This is something I wrote about a few years ago, but I came across it when browsing through the archived blog posts from my old site. I thought it was worth sharing again, so I kept the original post intact, adding more things on at the end. It has been over four years since I wrote this:  I was studying at Duncan of Jordanstone, and still concentrating on painting. How time flies. can’t believe it!

April 13, 2010

I have been working on a new painting. It is a portrait of Paul. Derek, my tutor, gave me advice about how to make paintings look more like old masters work. The sitter is to be posed: preferably in a formal stance, or just as a subtle reference to an old master painting that I admire. I have been thinking about making a tribute to Vermeers Girl reading a Letter by an Open Window. I love Richters tribute to it. In fact, there have been several adaptations, but here are my favourites:


Johannes Vermeer, Girl Reading a Letter by an Open Window, 1657


Gerhard Richter, Lesende, 1994


Tom Hunter, Woman reading a Possession Order, 1997

I wrote about the two paintings here in my contextual review at uni- mine was about the use of photography in paintings (Hopefully, that is what my dissertation will be about, too).  Anyway, referencing a famous pose such as this, or perhaps even a gesture with the hands, as in Van Eycks Arnolfini portrait, would be a powerful idea to bring forward, I think.

13th October, 2014

I didn’t end up writing about the use of photography in paintings for my dissertation: writing that essay was enough for me! I began to change direction after that, and start thinking less about representational painting and more about drawn/printed pattern. Quite a segue!

A few years after writing that essay (which went okay),  boooooom published an article featuring all kinds of ‘remakes’ of famous paintings, in the form of photography. So here are two more. I can’t believe the second one is a photograph!

Johann Watzke, Girl reading a letter by an open window,  2011

Wanda Martin, Girl reading a letter by an open window, 2011

The girl reads a secret love letter, as a symbolic basket of tempting fruit spills over on her bed and the window of her home is flung wide open. It has been summarised as “a woman’s longing to extend her domestic sphere” beyond the constraints of her home and society. (Vermeer, 1632–1675 (2000), Norbert Schneider)

Do you think that these tributes and remakes are successful? Which ones, and why?

25 June 2014

I have been looking at circular forms recently.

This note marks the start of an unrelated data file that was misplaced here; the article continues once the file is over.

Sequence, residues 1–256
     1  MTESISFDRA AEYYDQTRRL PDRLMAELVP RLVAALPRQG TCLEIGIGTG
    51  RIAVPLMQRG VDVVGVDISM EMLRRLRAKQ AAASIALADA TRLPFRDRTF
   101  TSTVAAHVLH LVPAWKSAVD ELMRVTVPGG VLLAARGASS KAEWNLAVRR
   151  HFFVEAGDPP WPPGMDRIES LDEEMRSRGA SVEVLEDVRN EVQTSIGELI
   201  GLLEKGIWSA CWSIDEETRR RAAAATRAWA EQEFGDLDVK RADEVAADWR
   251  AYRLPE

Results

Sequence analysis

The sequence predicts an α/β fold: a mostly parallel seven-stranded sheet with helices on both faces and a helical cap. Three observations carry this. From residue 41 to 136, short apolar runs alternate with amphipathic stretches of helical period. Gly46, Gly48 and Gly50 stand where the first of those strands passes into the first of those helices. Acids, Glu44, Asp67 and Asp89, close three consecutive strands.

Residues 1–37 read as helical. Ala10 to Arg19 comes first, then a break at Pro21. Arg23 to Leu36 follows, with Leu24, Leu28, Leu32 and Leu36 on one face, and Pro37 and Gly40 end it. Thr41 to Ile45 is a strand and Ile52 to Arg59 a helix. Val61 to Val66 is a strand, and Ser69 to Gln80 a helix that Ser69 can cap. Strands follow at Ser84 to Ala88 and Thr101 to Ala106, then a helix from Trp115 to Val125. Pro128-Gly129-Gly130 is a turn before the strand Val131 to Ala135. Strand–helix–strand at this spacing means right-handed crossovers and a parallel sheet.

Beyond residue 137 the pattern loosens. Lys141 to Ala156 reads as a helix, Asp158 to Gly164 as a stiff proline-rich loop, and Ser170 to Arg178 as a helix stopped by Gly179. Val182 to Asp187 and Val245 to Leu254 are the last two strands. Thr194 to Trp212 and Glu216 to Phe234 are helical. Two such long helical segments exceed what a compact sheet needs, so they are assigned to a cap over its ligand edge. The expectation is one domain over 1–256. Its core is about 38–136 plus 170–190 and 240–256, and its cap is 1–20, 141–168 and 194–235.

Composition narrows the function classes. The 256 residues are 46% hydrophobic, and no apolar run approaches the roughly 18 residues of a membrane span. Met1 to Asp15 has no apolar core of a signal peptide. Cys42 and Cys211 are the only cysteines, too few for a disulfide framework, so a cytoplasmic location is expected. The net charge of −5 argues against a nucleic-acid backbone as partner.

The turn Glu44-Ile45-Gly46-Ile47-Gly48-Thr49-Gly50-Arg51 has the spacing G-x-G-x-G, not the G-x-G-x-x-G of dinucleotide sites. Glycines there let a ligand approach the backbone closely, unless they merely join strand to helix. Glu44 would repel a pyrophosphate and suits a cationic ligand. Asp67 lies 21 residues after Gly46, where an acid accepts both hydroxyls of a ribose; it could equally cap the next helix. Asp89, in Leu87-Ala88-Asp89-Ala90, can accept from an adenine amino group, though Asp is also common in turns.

An enjoyable read about circles is The Discovery of The Circle by Bruno Munari, a seemingly out of print book now (I used the Duncan of Jordanstone library). I believe you can download it for kindle, though.

I admire the infinite, cyclical, and symbolic nature of circles, and how they are found everywhere in nature. From water and tree rings to atomic structures, to planets and gravitational forces… there is a lot to look at and think about.

Anyway, I had a quick visual search looking at circles, to put together some more inspiration…

Hole, Found Pebbles, Andy Goldsworthy

Untitled, Phenakistascope, c. 1833.

The Circle of Life, 3D Print, Mary Hale Visser

Mandala, Kevin Bewersdorf, Animated .gif

Human Eyeball Extreme Close Up, Suren Manvelyan

The Madonna of the Lilies, 1899, William-Adolphe Bouguereau

La Plume, Printed Poster, Alphonse Mucha

‘The Birth of Hercules’, painting on wooden birth bowl, from the circle of Giovanni Battista Franco, Florence, Italy, 1530-40.

Made in Paradise, Fashion, Ruven Afanador / Vogue Germany

4 June 2014

Using random destruction in art is no new concept, but applied to the coding of digital files, it can create fascinating results. The practice of messing with digital files in this way is known broadly as Glitch Art, and it has been around for quite a while, but has obviously surged in popularity in our current computer-rich age. I have attempted to get it to work before, but I was getting unreadable files, and didn’t have Notebook++ installed (this helps). But I managed! I present my first successful glitchy experiments:

glitch2 copy
GLITCH1 copy
deco1 copy

Want to try this? Simply open the image you want to manipulate in notepad and add/delete lines of the code. Don’t delete too much or it will get too corrupt and won’t be read as an image any more. Save, then open as an image again, and you should have a strangely fragmented, coloured, or collaged version of the original image. You can do it with audio and video recordings, too the same method pretty much applies. This video might be useful to anyone wanting to start using this technique.